What is your measure of being a successful artist?
I think it changes all the time and so 5 years ago what would have been successful would have been getting in a studio and recording something but every time you do anything you need to raise your game. Like when we went to Brazil and did a tour of Brazil that felt like a massive success as I’d never been to South America before and to play in front of that many fans was incredible. Right now, we’ve just had a top 10 with the NWOCR album, that feels like a success but you’re constantly trying to look at the next level. The next level of success for me would be getting back to touring because we’ve gone without it for so long so if we can get back out and have a sustained level of gigs that will feel like success.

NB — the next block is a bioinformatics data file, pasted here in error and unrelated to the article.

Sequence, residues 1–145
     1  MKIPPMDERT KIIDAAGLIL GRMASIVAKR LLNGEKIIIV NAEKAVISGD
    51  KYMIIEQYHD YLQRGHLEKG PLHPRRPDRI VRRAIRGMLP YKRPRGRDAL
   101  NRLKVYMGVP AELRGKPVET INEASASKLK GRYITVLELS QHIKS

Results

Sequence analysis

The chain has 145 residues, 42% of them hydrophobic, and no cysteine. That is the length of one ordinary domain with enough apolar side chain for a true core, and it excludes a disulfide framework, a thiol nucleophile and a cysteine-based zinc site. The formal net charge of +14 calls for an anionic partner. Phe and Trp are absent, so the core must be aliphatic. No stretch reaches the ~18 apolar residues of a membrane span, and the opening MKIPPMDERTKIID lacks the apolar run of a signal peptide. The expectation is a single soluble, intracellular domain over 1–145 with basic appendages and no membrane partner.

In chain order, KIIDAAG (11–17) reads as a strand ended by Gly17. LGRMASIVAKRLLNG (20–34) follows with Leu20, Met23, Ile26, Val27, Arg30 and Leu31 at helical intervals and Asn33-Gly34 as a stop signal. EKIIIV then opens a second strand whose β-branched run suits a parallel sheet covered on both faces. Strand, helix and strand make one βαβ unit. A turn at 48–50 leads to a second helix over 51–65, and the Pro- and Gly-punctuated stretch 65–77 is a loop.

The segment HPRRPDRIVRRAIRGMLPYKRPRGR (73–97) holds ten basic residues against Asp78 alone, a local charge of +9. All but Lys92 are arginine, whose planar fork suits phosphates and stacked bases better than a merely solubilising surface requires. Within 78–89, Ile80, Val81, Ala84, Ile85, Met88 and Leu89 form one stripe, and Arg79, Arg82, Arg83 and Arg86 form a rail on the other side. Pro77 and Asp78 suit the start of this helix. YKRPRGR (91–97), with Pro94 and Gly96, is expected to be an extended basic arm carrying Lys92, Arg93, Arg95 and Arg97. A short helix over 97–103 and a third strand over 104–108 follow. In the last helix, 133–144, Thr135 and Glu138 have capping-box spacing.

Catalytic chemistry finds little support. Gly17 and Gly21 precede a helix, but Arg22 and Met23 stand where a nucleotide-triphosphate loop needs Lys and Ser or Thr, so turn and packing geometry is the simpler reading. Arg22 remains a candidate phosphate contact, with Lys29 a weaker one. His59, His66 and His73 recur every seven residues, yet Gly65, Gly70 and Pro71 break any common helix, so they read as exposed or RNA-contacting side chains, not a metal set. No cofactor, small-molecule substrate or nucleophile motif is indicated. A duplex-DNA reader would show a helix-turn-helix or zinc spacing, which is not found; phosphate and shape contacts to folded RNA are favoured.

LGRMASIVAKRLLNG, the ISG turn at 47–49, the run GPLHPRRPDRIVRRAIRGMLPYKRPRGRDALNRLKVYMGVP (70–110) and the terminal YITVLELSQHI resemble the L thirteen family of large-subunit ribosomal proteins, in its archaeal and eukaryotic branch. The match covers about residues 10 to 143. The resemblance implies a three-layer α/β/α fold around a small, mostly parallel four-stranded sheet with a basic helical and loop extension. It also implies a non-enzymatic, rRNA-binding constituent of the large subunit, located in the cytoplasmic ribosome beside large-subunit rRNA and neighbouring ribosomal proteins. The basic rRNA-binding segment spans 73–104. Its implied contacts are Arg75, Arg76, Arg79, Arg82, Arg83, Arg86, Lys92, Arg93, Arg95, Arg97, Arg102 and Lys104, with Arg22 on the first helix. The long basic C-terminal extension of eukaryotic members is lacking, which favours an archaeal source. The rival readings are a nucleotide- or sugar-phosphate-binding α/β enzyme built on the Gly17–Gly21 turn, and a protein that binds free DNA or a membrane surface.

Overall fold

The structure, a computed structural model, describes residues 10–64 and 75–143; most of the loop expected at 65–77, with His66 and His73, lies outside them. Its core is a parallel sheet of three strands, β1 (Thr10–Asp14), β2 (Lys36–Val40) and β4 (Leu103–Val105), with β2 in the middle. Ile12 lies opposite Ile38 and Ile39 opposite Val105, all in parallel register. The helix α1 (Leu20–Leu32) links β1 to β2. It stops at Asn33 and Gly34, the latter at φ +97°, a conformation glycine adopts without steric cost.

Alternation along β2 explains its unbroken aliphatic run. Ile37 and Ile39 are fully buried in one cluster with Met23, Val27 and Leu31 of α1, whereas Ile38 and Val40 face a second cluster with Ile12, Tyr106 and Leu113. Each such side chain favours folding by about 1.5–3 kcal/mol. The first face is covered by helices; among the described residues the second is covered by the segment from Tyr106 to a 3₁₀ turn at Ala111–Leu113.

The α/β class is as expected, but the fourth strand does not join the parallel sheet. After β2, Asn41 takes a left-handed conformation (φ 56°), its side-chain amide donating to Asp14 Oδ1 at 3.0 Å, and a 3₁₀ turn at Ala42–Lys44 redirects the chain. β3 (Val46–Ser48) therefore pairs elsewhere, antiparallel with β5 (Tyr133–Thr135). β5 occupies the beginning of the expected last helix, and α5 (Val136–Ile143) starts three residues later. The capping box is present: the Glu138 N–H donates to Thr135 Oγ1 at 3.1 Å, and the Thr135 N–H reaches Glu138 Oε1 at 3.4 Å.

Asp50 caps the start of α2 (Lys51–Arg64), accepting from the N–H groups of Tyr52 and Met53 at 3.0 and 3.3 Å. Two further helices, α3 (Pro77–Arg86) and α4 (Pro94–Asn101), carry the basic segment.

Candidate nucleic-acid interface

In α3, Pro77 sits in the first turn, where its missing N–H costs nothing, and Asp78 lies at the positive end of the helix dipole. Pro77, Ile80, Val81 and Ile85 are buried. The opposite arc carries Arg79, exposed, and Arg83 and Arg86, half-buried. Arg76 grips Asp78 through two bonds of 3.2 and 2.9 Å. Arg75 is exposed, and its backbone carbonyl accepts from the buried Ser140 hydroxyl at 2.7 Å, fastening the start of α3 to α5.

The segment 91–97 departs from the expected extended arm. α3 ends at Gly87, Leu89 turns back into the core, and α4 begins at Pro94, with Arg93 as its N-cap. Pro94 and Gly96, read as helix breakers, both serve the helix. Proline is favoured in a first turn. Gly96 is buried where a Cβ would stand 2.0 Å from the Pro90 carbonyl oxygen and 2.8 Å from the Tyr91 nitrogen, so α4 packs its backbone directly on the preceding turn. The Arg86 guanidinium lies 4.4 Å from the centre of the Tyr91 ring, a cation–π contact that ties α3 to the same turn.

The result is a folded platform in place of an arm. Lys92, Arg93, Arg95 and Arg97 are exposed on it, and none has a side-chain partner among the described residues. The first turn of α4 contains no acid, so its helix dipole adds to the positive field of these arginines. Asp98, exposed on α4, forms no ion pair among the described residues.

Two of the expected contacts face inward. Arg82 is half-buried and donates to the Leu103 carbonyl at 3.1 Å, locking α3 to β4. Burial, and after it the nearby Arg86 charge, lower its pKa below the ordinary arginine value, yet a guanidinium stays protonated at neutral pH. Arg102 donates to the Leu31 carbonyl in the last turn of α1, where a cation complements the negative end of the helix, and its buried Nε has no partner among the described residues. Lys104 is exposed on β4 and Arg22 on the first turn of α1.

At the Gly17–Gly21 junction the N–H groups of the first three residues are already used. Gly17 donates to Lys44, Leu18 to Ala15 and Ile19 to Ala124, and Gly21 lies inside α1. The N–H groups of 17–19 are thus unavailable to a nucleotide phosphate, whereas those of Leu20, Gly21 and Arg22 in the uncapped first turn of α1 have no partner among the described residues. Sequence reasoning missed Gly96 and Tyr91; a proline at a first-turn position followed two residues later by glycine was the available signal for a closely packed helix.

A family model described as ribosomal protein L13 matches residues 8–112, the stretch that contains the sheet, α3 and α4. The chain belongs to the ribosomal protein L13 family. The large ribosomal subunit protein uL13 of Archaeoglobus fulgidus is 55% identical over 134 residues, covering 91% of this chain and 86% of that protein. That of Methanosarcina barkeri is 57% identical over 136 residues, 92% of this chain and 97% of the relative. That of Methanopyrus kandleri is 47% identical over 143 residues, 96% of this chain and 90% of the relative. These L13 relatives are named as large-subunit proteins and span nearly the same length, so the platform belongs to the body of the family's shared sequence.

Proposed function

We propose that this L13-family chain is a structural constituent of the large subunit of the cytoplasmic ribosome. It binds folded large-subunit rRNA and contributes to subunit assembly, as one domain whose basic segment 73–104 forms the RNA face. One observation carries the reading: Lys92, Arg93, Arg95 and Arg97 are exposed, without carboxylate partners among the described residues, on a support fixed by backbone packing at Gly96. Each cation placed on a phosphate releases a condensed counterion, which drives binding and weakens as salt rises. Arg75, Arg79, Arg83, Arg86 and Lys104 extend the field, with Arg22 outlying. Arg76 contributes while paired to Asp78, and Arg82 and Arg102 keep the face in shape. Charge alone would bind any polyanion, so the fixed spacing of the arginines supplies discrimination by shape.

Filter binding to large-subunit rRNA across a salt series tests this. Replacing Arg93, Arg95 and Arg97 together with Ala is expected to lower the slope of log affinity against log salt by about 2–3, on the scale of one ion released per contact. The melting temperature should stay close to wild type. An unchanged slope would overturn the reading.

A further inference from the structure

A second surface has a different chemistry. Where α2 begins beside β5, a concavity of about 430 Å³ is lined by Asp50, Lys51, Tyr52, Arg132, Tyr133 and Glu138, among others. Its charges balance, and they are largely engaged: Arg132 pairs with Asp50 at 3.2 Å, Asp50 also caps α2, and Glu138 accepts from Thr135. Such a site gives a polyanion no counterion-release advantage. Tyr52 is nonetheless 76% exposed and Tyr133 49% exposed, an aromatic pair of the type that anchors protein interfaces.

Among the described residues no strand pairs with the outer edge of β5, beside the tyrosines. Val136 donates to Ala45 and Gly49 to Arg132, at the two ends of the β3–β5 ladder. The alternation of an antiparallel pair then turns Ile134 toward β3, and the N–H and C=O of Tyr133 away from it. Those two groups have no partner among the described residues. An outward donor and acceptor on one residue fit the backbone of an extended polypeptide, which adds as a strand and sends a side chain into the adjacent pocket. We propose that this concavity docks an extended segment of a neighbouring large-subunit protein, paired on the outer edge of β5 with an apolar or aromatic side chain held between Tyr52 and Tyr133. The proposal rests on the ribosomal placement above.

How’s it going to feel in a few months time when your backstage ready for the first show of the tour?
Kind of similar to this weekend, you’re excited to be around all these cool people and chat about your favourite bands and all the positives that music can bring.
Obviously I must mention guitars and most of your guitars are what I would call standard looking guitars like the Les Pauls but then we have the WyldeAudio Warhammer, it looks amazing and is a bit of a beast so how did that come about?
I’m a big Zack Wylde fan and I brought that guitar last year in a sort of late night looking around on eBay mode. This guy had like 5 of these Zack Wylde guitars and I just like bid on it and got it. It was quite interesting breaking that news to my fiancé!
It looks like smoke and flames should come shooting out of it!